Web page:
It wasn’t so noticeable at first. We had a good decade of his classics still circulating around our iPods, car stereos, record boxes and club sound systems. But gradually a feeling of lacking and unfulfillment began to descend on the dance music world. Where on earth did Timo Maas go?
Thankfully it was nothing more than a relatively brief hiatus: a sabbatical, the likes of which are often essential to an artist’s creative reinvention and reinvigoration. Sometimes you have to move backwards to move forwards, and it was with this cyclical ethos in mind that the German legend returned in 2008 with the subliminal techno trip of Subtellite – a record on the world’s foremost techno imprint, Cocoon, which boldly stated that he was casting aside the big league commercial identity that he had so successfully – and more importantly credibly – lived under for the best part of the Noughties. The Maasmeister was back with his first club record in 6 years, and it was pretty damn clear that he meant business.
The business in question was more or less that of getting back to his underground roots, but as always combined with his usual forward-thinking, innovative approach. Finding a musical soulmate in Italian production wiz Santos has been one of his key developments in returning to the fore, and the synergy that the duo exude in their joint Mutant Clan productions and the running of their acclaimed Rockets & Ponies label cannot be understated. “It’s been very important for me” underlines Timo. “After searching for a long while for somebody who understands my musical vision and also has the ability to change the ideas in tracks and songs...to meet him was and is the best. I never had a better possibility to express my ideas than right now with him.” Alongside their own twisted, boundary-less techno vibes, the label plays host to their favourite rising talents – from Adam Port and Tiefschwarz co-producer Santé’s huge summer anthem Own (chosen by Radio 1 as one of their Ibiza Weekend highlights) to the ever-impressive output of Alex Dolby, they’ve spent over a year carefully selecting the finest producers to work alongside them. It’s electronic music without rules and convention – or if you ask Timo for a description: “be careful...it's quiet twisted stuff"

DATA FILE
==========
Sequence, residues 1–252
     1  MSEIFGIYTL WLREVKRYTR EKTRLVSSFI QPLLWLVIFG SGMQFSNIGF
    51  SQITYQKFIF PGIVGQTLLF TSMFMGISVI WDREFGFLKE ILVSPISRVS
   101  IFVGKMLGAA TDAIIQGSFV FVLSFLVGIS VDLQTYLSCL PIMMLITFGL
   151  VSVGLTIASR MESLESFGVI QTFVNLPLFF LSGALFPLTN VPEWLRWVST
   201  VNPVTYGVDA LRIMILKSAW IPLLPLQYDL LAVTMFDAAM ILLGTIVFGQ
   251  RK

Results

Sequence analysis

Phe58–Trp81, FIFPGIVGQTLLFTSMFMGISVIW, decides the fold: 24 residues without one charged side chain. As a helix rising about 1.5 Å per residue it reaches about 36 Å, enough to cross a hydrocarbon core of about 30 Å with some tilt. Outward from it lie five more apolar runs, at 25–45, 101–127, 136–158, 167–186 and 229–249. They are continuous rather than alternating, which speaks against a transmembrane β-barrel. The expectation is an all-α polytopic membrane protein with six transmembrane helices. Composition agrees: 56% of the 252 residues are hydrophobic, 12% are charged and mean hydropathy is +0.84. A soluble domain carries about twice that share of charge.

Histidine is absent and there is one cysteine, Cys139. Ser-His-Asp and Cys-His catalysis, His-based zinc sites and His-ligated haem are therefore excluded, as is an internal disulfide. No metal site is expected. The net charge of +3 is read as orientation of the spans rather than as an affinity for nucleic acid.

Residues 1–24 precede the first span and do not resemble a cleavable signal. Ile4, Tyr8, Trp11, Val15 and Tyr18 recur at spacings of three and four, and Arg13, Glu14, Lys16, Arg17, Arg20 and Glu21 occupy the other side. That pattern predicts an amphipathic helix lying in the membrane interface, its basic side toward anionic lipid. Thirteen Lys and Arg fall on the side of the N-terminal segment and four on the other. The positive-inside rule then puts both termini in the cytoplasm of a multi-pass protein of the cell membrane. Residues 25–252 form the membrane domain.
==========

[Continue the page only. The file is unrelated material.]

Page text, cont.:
But despite his return to underground movements, he’s still keeping the door open to more mainstream endeavours. Quality not quantity is the principle, and to that effect carefully chosen remixes are forthcoming from his studio for the legendary William Orbit, soul sensations Noisettes and Placebo. But it’s all on his own terms: these are no mere money-grabbing, let’s-get-a-cool-name-on-board exercises - more projects Timo feels passionate about and inspired by, and which will receive the honour of being transformed into one of his uniquely-styled journeys. And more tantalisingly still, he’s got a new artist album planned for 2011 – his third so far.
Whether it’s an overground or underground affair – or somewhere in between – not even he can say just yet. Right now, it’s all about laying down the ideas, and letting it run its course organically. “The main target is to write a studio album. One that stands out, that is unique in its sound and is hopefully also timeless. We'll see. The first ideas sound very promising already.” Listening back to Timo’s earliest breakthrough tracks, they still sound futuristic and unique, and you can bet your bottom Euro that this one will be no different. But if you think someone of his stature and varied experience has done it all, you can thing again. “I'm only 41 - there's loads more music to write and play” he enthuses. “We got some good long term plans...and we're continuously working on it!” Amen to that.